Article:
"Young Yakuza" takes a hit when reality intervenes
Contemporary documentaries rise or fall on the "cooperation" of reality. You find a story full of promise and hope that story will unfold...
Special to The Seattle Times
"Young Yakuza," a documentary directed by Jean-Pierre Limosin. 99 minutes. Not rated; for mature audiences (contains brief nudity, mild language). In Japanese with English subtitles. Grand Illusion.
Contemporary documentaries rise or fall on the "cooperation" of reality. You find a story full of promise and hope that story will unfold with all the beats and rhythms of a compelling screenplay. Sometimes you strike gold (as happened with "Murderball"), and your subject matter reveals unexpected layers of depth and surprise. In "Young Yakuza," reality throws a curveball that forces French filmmaker Jean-Pierre Limosin to improvise, and the film flounders.
There's only so much that Limosin can do when his central character goes AWOL.
He begins, promisingly enough, with a quiet conversation between a concerned mother and an old family friend, who's a member of the local yakuza clan. Worried that her 20-year-old son, Naoki, is stuck in an increasingly shameful pattern of street-punk behavior, Mrs. Watanabe takes her friend's advice and reluctantly allows Naoki to begin a one-year apprenticeship with the Kumagai clan, one of many in Tokyo's clandestine yakuza network of organized crime.
There's twisted logic to the idea that Naoki will learn "good manners and perseverance" as a yakuza initiate. It's a productive "milieu" (as boss Kumagai calls it) for an aimless kid like Naoki, despite Kumagai's candid assurance that Naoki will "see many things" during his apprenticeship — and "they will not all be positive."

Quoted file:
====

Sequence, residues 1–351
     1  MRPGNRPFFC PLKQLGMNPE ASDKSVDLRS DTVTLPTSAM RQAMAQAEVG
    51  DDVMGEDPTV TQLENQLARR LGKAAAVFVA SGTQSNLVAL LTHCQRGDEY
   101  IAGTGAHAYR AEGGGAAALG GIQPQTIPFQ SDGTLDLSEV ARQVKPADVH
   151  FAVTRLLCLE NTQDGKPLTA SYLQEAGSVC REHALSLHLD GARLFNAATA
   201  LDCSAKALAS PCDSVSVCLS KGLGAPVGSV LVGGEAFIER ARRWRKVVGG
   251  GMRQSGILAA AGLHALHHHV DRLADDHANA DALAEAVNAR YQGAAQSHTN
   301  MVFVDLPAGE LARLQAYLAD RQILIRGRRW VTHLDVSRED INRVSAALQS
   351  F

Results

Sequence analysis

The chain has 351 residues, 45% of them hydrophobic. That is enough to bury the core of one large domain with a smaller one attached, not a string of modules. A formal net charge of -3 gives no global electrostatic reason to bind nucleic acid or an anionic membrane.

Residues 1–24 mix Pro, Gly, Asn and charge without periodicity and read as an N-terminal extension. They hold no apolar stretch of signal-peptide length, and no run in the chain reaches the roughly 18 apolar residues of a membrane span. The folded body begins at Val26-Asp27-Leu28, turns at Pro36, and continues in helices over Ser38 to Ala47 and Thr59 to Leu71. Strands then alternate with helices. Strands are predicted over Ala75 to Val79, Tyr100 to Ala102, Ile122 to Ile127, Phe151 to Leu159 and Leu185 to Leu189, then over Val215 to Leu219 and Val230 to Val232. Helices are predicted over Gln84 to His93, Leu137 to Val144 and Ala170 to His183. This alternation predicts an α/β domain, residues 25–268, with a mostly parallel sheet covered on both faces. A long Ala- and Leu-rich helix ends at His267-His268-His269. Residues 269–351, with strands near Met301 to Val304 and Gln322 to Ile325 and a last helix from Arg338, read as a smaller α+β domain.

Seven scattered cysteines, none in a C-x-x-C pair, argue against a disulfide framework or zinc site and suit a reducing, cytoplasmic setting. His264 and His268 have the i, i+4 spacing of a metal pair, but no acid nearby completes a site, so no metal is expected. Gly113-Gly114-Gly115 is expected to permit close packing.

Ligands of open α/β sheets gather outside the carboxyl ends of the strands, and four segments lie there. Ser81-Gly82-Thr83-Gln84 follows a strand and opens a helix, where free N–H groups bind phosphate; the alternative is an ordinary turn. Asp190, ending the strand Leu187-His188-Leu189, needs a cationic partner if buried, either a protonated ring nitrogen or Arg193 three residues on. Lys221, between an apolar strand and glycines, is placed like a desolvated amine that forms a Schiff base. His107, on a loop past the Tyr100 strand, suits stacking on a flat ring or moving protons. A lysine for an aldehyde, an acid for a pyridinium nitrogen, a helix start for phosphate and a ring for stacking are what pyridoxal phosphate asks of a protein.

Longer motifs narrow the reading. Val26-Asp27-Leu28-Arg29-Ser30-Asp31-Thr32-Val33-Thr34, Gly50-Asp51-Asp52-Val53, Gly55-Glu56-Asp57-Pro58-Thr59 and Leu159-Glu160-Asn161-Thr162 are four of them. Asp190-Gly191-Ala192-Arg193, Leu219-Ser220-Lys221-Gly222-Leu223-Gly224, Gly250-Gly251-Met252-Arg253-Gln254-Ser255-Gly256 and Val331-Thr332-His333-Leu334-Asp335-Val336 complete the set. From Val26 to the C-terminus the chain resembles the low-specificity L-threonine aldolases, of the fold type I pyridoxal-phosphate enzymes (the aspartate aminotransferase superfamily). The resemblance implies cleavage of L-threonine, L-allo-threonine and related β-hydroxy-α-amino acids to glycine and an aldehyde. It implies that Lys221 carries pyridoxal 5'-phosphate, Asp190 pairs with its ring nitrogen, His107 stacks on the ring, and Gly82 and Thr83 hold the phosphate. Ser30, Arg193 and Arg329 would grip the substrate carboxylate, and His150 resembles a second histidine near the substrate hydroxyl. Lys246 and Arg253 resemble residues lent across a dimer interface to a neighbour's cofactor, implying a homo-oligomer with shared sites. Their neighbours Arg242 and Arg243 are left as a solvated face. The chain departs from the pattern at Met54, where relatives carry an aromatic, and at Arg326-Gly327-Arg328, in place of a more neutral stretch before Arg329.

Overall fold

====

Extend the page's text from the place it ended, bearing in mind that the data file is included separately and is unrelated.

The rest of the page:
Limosin was allowed to spend 18 months with the Kumagai clan, on the condition that illegal activities would be kept off-screen. That turns "Young Yakuza" into a casual study of routine yakuza hierarchy, as Naoki performs a variety of mundane tasks designed to preserve and enforce his boss' patriarchal supremacy.
As it turns out, however, reality refuses to work in Limosin's storytelling favor. When Naoki decides the yakuza life is not for him, he suddenly disappears, and "Young Yakuza" never recovers from this unexpected development.
Boss Kumagai reflects upon Naoki's "betrayal," but he decently declines to retaliate. As "Young Yakuza" shifts its focus to the legal troubles of a new and mostly unseen protagonist, Kumagai expresses his sad realization that yakuza in modern Japan are essentially an endangered species, with little to offer Japan's disaffected youth. To that end, Limosin punctuates the film with nihilistic hip-hop from a pair of teenage Tokyo rappers; this adds nothing to a film that eventually loses its groove.
It's fascinating to witness authentic hints of the yakuza life we've seen in Japanese crime dramas, including such details as the application of elaborate body tattoos or the precision of tea-serving procedures for boss Kumagai. But apart from its attentive study of yakuza servitude, "Young Yakuza" offers only limited insight into Naoki's character, the inner workings of the "Japanese mafia" and its struggle for contemporary relevance.
Ultimately the viewer is left in the same bind as the filmmakers: wishing we'd been able to follow Naoki's apprenticeship to its traditional conclusion and beyond.
Jeff Shannon: firstname.lastname@example.org
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